For Democrats they most likely take back the Senate with a tie breaker with the Vice President but in 2018 they get slaughtered in the Senate and House like 2010 and 2014 and then with an economic recession, and likely high deficits, and foreign policy troubles in their term they will most certainly get all the blame as it is their third term and they don't have the ability to Blame Bush just like Bush Senior couldn't blame Carter for his woes and most likely be swept out of office in a realigning election just like 1992 was for the Democrats and lose the advantage they had in the Electoral College and the republicans would have filibuster proof majorities in Congress.


For Republicans it depends when the recession hits. If it hits early in his presidency they will be able to deflect some of the blame on Obama. But their advantage in 2018 congress will Disappear as despite a favorable map they wont gain any seats. If it hits late in their term  they will be swept out of Office in 2020 just like Carter was in 1980 and The democrats will go from having an advantage in the Electoral College to a lock just like what happened in 1980 to the republicans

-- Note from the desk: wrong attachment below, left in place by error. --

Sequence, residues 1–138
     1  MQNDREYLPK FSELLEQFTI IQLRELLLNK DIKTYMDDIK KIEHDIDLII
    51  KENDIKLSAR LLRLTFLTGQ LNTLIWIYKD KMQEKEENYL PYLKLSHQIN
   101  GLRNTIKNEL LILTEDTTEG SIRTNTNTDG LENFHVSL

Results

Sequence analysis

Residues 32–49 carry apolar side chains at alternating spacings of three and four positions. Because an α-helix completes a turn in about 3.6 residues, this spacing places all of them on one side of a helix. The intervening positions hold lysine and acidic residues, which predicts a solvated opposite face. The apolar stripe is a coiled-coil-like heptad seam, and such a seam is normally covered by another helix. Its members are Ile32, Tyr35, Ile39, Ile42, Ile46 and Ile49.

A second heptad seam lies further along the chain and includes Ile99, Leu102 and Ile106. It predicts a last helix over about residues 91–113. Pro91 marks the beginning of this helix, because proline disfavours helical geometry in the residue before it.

This is what Ive argued.
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Old School Republican
Computer89
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« Reply #15 on: February 18, 2021, 02:06:11 AM »

Lol this take of mine turned out to be pretty accurate
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Lincoln Councillor Dwarven Dragon